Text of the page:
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Bulova Faces 3 Opponents in Bid for Re-Election as Fairfax Board Chair

The race for the Fairfax County Chairman seat has three challengers taking on incumbent Democrat Sharon Bulova for the chance to lead the 10-member Fairfax County Board of Supervisors. The election is Nov. 8.

Republican candidate Michael “Spike” Williams and independent candidates A. Will Radle, Jr. and Chris DeCarlo have thrown their hats into the ring.

Bulova assumed the office in February 2009, after defeating Republican Springfield District Supervisor Pat Herrity in a special election. The seat was vacated when Gerry Connolly took his place in the U.S. House of Representatives.

Bulova told the News-Press this week that she believes that the greatest concern of Fairfax County residents is continued “responsible fiscal stewardship,” the kind of budget-consciousness that she says Fairfax County has been praised for practicing.

“Fairfax County has been able to achieve, by having a solid, responsible budget, keeping our taxes at an affordable level, and doing so in a way that protects the quality of life we value,” Bulova said.

Williams, whose views were gleaned from his website, as he declined to return calls from the News-Press for an interview, feels the rate of the growth of the budget is disproportionate to the county’s increase in population.

“We must prioritize the efficient use of our tax dollars which will lead to reducing the cost to county residents,” Williams writes on his website. He feels that money in the Fairfax County Public Schools budget is not being appropriately directed, and suggests an independent audit.

Also pressing amongst candidate and resident concerns is transportation and roadway congestion. Bulova, a member of the Northern Virginia Transportation Commission and a founder of the VRE commuter rail system, has set her sights on bringing the Dulles Corridor Metrorail Project to fruition.

“Rail to Dulles is my number one transit priority,” Bulova said. “That’s making sure rail is extended from Falls Church not just to Wiehle Avenue, but all the way to Dulles Airport – Phase II of the project – built in a way that successfully gets us there, but is affordable to taxpayers and to the motorists who drive on the toll roads.”

Williams claims the budget for Phase II of the project is “inflated,” and fears that requiring project bidders to meet union standards could add an additional 15 to 30 percent to the projected $3.5 billion cost of the project.

Bulova has been serving on Fairfax County’s Board of Supervisors for just short of 25 years, having taken her first post in 1988 by managing the Braddock District until moving up to the chairman seat. She first became interested in local politics while involved with the Kings Park West Civic Association, and left a career in technology sales to take a staff aide position for Audrey Moore, then a county board member. When Moore took the chairman post, Bulova ran for her supervisor position and won.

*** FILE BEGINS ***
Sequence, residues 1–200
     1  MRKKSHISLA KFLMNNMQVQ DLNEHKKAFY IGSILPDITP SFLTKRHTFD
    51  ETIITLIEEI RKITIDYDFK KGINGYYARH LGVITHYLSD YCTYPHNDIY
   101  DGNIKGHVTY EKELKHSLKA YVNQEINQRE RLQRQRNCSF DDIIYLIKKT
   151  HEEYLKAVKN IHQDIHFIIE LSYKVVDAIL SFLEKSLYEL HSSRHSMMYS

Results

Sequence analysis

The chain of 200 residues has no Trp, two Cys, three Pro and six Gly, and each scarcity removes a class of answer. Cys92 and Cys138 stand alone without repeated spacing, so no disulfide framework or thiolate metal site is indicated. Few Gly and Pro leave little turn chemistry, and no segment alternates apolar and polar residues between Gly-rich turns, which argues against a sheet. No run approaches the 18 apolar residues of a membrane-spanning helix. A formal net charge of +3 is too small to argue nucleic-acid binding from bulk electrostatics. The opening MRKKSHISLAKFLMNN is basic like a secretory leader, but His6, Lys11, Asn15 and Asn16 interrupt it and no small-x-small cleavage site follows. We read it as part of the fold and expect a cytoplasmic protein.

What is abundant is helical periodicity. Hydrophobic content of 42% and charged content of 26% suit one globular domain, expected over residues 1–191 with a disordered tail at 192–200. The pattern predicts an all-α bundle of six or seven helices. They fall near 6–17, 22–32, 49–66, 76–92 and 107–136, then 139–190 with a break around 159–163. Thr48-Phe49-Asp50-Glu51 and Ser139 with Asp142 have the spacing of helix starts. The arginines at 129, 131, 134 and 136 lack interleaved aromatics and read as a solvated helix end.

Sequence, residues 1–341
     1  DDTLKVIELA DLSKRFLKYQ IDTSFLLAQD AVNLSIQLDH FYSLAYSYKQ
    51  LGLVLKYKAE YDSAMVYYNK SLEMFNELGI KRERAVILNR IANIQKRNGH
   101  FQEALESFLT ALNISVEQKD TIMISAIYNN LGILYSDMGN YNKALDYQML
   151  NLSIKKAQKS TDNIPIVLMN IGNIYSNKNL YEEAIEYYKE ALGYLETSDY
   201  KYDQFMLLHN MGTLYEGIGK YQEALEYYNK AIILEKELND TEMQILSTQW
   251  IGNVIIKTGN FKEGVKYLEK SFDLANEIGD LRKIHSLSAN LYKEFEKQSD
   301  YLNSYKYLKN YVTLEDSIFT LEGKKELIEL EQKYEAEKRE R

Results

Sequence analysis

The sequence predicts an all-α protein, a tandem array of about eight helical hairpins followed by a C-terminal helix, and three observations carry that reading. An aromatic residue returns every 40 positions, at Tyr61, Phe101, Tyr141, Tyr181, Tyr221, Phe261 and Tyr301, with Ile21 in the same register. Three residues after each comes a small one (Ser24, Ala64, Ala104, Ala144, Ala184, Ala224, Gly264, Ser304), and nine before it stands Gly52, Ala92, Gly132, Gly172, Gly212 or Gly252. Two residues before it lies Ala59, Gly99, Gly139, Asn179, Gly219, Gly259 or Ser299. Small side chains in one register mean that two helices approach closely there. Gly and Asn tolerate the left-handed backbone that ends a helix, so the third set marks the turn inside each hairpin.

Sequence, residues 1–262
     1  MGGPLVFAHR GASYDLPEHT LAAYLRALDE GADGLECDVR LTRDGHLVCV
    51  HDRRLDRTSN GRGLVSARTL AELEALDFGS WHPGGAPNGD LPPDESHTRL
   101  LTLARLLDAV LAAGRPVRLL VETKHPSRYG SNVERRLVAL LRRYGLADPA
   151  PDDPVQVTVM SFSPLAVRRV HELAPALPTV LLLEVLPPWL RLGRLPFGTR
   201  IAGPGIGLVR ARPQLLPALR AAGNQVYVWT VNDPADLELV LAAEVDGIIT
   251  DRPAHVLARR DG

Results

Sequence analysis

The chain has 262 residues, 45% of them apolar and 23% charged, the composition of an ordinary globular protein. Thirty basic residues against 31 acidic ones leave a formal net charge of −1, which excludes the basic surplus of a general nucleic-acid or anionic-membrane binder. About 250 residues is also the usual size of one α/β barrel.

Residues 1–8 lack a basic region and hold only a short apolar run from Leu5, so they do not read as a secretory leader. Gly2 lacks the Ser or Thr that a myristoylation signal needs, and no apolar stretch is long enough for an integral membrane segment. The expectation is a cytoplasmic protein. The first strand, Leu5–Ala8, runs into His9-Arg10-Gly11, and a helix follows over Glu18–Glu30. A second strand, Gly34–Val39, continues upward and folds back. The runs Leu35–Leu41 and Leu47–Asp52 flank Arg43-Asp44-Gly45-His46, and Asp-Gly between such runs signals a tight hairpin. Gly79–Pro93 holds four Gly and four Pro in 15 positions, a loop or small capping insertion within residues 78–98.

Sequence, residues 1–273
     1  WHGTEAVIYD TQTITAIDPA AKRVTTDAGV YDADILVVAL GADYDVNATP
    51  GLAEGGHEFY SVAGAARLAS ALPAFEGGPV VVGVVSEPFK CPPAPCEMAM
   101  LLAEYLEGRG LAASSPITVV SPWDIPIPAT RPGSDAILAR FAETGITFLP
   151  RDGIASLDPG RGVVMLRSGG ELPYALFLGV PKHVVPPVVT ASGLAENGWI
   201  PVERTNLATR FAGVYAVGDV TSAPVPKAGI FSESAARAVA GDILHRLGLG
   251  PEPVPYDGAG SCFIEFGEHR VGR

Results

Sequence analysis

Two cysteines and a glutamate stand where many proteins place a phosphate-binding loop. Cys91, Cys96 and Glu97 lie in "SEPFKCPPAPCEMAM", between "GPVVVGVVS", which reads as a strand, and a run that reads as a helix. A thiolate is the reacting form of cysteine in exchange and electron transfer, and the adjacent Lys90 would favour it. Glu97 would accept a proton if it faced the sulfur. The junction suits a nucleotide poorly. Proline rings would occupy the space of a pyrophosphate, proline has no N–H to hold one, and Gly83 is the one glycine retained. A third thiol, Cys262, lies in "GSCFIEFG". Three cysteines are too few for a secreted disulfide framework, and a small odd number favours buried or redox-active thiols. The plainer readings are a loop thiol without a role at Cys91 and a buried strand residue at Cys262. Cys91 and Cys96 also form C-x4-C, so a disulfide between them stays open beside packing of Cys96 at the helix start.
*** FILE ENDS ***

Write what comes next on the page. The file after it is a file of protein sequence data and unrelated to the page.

Bulova has lived in Fairfax County since 1966. She was recently named one of Washington’s 100 Most Powerful Women by the Washingtonian magazine.

Williams is a Fairfax County native who currently lives in Oak Hill. He is a project manager for Orange Business Services, a business telecommunications company. He also works as a realtor, having founded Williams Realty Group. He volunteers for such local organizations as GRACE Art, and is a member of the Fairfax County Republican Committee, where he was the Hunter Mill District chair and helped coordinated Gov. Bob McDonnell’s campaign in the area during his successful bid for office in 2009.

Radle, an independent candidate who received the endorsement of the Independent Greens of Virginia, is an insurance agent who, in an interview with the News-Press, cited his 20 years of experience on the local, regional and state level in public service as qualifications in his run for office, serving on boards and groups addressing a broad range of topics from land use to human services. He is a longtime resident of Fairfax County and has lived there, save for a handful of years, since his birth.

At a March 29 Fairfax County Board of Supervisors meeting on the county’s budget, Radle presented a plan to the board members which he said could lower real estate taxes “while county revenues would remain relatively flat.” He said in his address that his plan would also address traffic concerns and boost funding for public servants like teachers, as well as bring more control to the local level and “increase support from Richmond.”

DeCarlo, president of DeCarlo Enterprises, which trades as Fairfax Propane, is a George C. Marshall High School graduate, resident of Fairfax County for more than 50 years, and native of Vienna who has been building his company in the Northern Virginia area since it began as a gas station in the City of Fairfax in 1979. DeCarlo is no stranger to political campaigns, having run for such offices as 37th District house delegate, Fairfax County Providence District School Board member and, most recently, 11th Congressional District representative.

The self-proclaimed “Not for Sale” candidate is campaigning for what he calls “True Democracy,” and specifically cites his wish for lower taxes and government transparency. DeCarlo told the News-Press that he has recorded a rap video that will be released on YouTube later this week detailing his stance on campaign issues.

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